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…Isn’t the
of things where they
where only the wind
can bend them

back, the real weather…

–Jorie Graham

Passion comes from the Latin word ‘passio’, which means to suffer.

We associate passion with bliss and excitement and transcendence. That’s the surface. It’s very awesome.

Dive beneath, to where the sun thins out, and the water gets murky and dark, and strange creatures crawl on the bottom. You will see where your suffering lives. Sometimes it rises to pull you off the dock, and sometimes you jump or get pushed. If you’re lucky you’ll go for long stretches seeing nothing but dolphins, azure sky, your lover(s) naked on the beach.

But even then you’ll know, when you’re awake at 3 am: the more you dare to care about, the more you stand to lose. On bad days you wonder if you have the courage.

Passion carries the seeds of suffering.

Artists and mystics know this, as do entrepreneurs, and women ‘having it all’, and parents of teenagers, and Olympic athletes, and people who go on blind dates.

Gandhi knew this, and Nelson Mandela, and Cleopatra, and Martin Luther King, and Frida Kahlo, and Nina Simone, and Jim Morrison, and Joan of Arc, and David Foster Wallace, and Amy Schumer, and Che Guevara, and Britney Spears. Michelangelo knew this when he painted the Sistine Chapel, and James Cameron knew this when he filmed TITANIC (as did everyone else on the set).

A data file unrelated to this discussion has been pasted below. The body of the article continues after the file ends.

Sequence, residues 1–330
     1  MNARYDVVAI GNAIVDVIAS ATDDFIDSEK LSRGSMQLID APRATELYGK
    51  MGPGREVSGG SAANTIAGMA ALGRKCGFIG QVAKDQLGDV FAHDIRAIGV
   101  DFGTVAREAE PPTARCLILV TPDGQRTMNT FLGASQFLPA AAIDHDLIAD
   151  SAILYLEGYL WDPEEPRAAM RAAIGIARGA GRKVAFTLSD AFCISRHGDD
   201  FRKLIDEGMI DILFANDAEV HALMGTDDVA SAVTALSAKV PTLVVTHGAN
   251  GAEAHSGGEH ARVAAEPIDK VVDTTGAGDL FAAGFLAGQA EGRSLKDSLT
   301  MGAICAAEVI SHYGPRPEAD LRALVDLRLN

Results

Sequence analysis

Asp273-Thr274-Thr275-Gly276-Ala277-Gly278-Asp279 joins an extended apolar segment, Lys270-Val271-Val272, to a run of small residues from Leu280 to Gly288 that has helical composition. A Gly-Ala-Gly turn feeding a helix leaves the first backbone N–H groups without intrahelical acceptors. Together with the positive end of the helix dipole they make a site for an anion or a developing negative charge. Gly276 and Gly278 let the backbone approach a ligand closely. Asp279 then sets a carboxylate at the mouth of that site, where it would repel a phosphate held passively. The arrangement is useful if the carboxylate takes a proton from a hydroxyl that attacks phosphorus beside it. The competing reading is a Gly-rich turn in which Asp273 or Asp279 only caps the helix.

Which is not to say that a passionate life requires you to shave your head, get assassinated, spend decades in prison, or go blind from medieval paint dripping in your eyes. Do your best to avoid these things. Try to have some fun instead.

But if life is an unfolding story that you tell yourself and others (and make up as you go), and passion is that place where love can hurt, and does:

Finding your passion is learning your story, and how best to tell it, and who needs to hear it.

It’s the narrative you’re willing to suffer for — the one you believe in the most — the one that heals and empowers.

That’s what this blog is about.